I love the controls for this game but most don't. Want to know why? It doesn't use dual-analog stick controls. GASP!!!! OH NOES! ME CANT STRAF D00DZ, LIKE TIS GAME SUXORZ! Seriously, you won't believe how many people I have heard say that Metroid Primes control scheme sucks cause it doesn't have dual-analog. I personally hate dual-analog, I prefer to play Halo on may laptop with keyboard and mouse controls and on console FPSs like Timesplitters I always change the controls so that turning left and right is the same stick as moving forward and backwards, the way the default controls for Goldeneye and TWINE worked on the N64. The control scheme is simple and easy to get used to. Up/Down on the control stick is move forwards/backwards, A is your fire button. Y fires missiles, B jumps (B again in the air does a mid-air jump with the Space Jump Boots), X activates and exits Morph Ball mode, holding R activates manual aiming, holding L locks on to enemies and objects, scans when the scan visor is activated and shoots the Grappling Beam when near a grapple point, Z access your map. The diagonal pad changes your visor (up-Combat, left-Scan, down-Thermal, right-X-Ray) and the C-Stick changes your beam weapon (up-Power, right-Wave, down-Ice, left-Plasma). There is nothing difficult about the controls but many people are so used to dual-analog that they instantly hate the controls when the C-Stick doesn't turn them. I have two friends who won't play this game cause it doesn't have dual-analog and one of them is a huge Super Metroid and Metroid Fusion fan.
The sound quality is great and the music is awesome. Many themes are catchy (especially the Lower Norfair remix in Magmoor Caverns) and I actually have most of the themes from this game on my MP3 Player. Wind blows in the Chozo Ruins while machines hum in the Phazon Mines. The sounds and music are truly excellent.
Gameplay, the main part of any game. Metroid Prime's gamplay is excellent. If you played Super Metroid then this game will feel a lot like a 3D, First Person version of it. You travel across a huge planet, defeat local enemies, confront massive bosses, most mutated to the point of epicness, and fight wave after wave of Space Pirates using various weapons. There is some backtracking like Super Metorid but it isn't boring or repetitive, they often throw in new enemies in earlier parts the farther you get in the game. Now, while the game may seem linear at first, it isn't. You don't have to collect Item A, now using Item A collect Item B, not using Item B collect Item C, now using Item A, Item B and Item C defeat Boss A and so forth. Many hardcore Metroid fans have come up with speed runs and ways to skip items, skip scenes, even skip entire bosses. After your first time through, spice up your second playthrough by using these methods, or challenge yourself with a 100% Item run, 100% Scan game, a 100% Scan Speed Run, Power Beam only (of it's possible, I think it would be), etc. The gameplay is great, almost flawless.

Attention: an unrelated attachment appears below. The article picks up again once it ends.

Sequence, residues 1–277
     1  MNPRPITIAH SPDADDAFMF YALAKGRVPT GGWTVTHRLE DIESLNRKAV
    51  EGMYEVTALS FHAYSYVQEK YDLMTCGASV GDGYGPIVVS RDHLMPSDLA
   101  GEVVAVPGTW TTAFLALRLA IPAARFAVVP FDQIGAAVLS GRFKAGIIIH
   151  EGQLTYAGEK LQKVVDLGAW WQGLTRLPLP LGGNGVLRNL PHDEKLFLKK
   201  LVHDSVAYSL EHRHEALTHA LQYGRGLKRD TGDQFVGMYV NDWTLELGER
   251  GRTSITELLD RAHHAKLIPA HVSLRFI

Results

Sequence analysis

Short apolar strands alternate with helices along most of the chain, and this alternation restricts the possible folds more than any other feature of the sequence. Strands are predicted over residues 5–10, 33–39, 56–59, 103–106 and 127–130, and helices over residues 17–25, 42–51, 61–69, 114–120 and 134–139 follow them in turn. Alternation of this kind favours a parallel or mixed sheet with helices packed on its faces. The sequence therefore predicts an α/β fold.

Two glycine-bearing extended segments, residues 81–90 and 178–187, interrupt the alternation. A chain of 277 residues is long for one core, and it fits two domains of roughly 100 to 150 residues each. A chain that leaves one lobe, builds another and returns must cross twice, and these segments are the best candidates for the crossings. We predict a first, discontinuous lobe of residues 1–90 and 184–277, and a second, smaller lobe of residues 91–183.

Like I mentioned above there are many things to do after you beat the game, many challenges you can make up for subsequent playthroughs. You also unlock a Hard Mode after beating normal once and believe me, it is hard. This is one of those games you will probably play through quite a few times.
Lots of tidbits of Information
Kind of Linear first couple time thorugh
Rather easy on Normal
Metroid Prime is a great game, and I'd recommend it to anyone, even if they've never played a Metroid game before.
Rent or Buy? Buy, definitely a game worth having in our collection. It's quite cheep now, since it is a Player's Choice Million Seller it's only about $20-$25 brand new. Pick this up ASAP.
Reviewer's Score: 10/10 | Originally Posted: 12/29/07
Game Release: Metroid Prime (US, 11/17/02)